by Sabrina Giacomini from https://www.rideapart.com
The fun type of social distancing.
UPDATE: Note that there could be lockdowns and “stay at home” orders in your city or your state as the situation evolves and we don’t recommend you overlook them because “riding is seemingly safe”. We’re not your mom, but we recommend you follow your local authorities’ recommendations.
Some readers also pointed out that I didn’t discuss about the possibility of crashes since the question was focused on the virus but I thought it was a good point to touch on. Going for a ride has its risks, whether it’s coming in contact with the virus or getting into a crash. The streets are quieter but it doesn’t mean there’s no risk of making a mistake or of being hit by someone.
Remember that medical facilities and staff are strained at the moment. While riding is relatively safe from a contagion perspective, there’s still the usual risk of an incident that could require you go to the hospital—and this is not a good time to go to the hospital. Keep that in mind.
As we wrote already, the better we cooperate, the smarter we go about this,the sooner we’ll get to go back out there without restrictions. Stay safe everyone!
Is it safe to ride during this outbreak? Are my full-face helmet, gloves, and other apparel able to protect me? Are motorcycle riders risk-free? Just question to exercise our riding knowledge. – Ancarlos
Hi Ancarlos! Thank you for asking your question, I’m pretty sure you’re not the only one wondering about that. Please note, however, that though we like to think we know a lot of things at RideApart, we’re also not doctors. If you have any real concerns or are considered a potentially vulnerable patient, asking someone who is an actual doctor is the one way you’ll get reliable answers. This goes for anyone reading this.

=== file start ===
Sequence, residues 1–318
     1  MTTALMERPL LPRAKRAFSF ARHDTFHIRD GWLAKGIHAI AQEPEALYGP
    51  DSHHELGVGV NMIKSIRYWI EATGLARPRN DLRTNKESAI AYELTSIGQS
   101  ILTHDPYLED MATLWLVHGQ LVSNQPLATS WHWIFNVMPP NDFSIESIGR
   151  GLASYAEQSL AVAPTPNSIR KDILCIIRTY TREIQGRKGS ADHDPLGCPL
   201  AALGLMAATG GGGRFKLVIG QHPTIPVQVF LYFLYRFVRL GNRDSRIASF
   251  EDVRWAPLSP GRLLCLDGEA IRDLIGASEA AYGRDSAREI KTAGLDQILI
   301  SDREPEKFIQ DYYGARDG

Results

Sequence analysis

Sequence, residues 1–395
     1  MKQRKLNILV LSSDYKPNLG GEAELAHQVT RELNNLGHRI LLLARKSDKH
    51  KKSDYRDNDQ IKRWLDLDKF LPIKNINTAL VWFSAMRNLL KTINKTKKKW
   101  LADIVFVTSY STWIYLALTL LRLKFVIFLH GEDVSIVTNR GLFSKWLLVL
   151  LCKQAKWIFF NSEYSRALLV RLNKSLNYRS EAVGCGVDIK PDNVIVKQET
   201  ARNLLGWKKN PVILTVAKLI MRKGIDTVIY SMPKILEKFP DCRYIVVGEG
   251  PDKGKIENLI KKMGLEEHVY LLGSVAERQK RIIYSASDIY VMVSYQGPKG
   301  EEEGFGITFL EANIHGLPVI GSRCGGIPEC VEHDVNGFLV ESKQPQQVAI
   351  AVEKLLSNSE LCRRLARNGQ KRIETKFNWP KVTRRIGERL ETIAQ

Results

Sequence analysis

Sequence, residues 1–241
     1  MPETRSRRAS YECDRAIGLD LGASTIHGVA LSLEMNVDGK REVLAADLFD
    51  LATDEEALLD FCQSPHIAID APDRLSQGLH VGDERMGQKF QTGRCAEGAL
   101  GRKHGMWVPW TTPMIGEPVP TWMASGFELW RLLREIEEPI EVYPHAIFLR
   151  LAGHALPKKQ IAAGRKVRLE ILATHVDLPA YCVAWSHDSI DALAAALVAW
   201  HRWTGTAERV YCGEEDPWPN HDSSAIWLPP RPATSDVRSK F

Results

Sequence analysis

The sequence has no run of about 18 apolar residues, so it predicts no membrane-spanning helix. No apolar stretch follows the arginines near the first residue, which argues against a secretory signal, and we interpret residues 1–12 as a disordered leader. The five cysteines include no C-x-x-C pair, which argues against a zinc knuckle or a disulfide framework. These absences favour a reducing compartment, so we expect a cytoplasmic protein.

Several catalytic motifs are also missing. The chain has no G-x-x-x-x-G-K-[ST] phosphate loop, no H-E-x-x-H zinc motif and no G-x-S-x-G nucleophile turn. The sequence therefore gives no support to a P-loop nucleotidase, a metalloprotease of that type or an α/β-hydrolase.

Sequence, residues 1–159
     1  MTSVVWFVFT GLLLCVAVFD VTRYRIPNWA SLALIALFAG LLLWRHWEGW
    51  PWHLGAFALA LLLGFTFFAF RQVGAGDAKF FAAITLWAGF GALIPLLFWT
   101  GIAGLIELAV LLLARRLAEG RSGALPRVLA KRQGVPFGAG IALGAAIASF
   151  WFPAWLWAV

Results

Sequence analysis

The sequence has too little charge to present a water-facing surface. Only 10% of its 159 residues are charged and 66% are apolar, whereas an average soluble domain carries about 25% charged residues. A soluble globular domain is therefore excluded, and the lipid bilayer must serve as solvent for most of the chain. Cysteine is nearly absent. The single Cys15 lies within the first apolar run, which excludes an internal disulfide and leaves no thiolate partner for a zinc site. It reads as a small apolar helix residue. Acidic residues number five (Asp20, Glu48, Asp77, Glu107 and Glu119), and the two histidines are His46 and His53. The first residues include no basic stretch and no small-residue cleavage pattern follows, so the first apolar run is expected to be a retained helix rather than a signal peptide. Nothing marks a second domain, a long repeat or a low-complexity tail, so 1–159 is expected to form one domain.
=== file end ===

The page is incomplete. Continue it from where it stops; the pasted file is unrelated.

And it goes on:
I can, however, give you a few pointers. As “social distancing” is on target to become Merriam-Webster’s 2020 term of the year, riding a motorcycle checks a lot of those “distancing” boxes. See, the great thing about riding a motorcycle is that you get to do it alone and it isolates you in a certain way—provided you don’t head out in a group. After all, everyone else around you is over six feet away, right?
The riding itself doesn’t technically pose a problem but the small things we do when we get on and off the saddle might. Where riding a bike might present a risk of exposure is when you stop in crowded places like at a gas station or in coffee shops, for example. Fuel nozzles are pretty nasty, to begin with, and considering the current situation, they could be carriers for the bug.
Consider bringing a few cleaning wipes or a pair of disposable gloves, just in case you need to fuel up. Even a plastic bag to handle the nozzle is a good alternative to putting your hand directly on it. Once you’re done, be extra safe and wash your hands.
If you do end up using your riding gloves to pick up the nozzle, keep in mind that certain sources suggest that the virus can stay on soft surfaces like clothes (and gear) and its lifespan on different surfaces and materials has yet to be confirmed. If your riding gloves have been in contact with a potentially infected surface, avoid touching your face with them—including that pesky itchy nose!—and throw your gloves in the washer once you’re home. If the gloves are made of leather, you can find a few easy tips to disinfect your leather safely online.
Medical Grade Gear?
To answer your question about gear, keep in mind that motorcycle gear isn’t made from medical grade materials. It’s designed to protect us from bad falls and impacts, not from microscopic bugs. So no, I won’t say that your gear will protect you from the novel coronavirus. It creates a barrier against the elements, that’s true, but it’s permeable, so don’t think that you become invincible by wearing a motorcycle helmet and a jacket.
If you avoid crowds and enjoy the ride by staying on your bike, then you are following the social distancing recommendations. So in summary, yes, riding a motorcycle should be safe—just remember that, as with any form of outing at the moment, there’s never a 100-percent guarantee that you won’t get in contact with the bug. The smarter you go about this, the lower the risks.
You can check out the World Health Organization’s (WHO) recommendations and updates on the situation here. If you present any symptoms or have been in contact with someone who presents them or who has recently traveled, then postpone your ride for a while (14-day self-isolation recommended) for your own benefit and everyone else’s. It’s a small price to pay to make sure a normal riding season (and life) resumes sooner rather than later.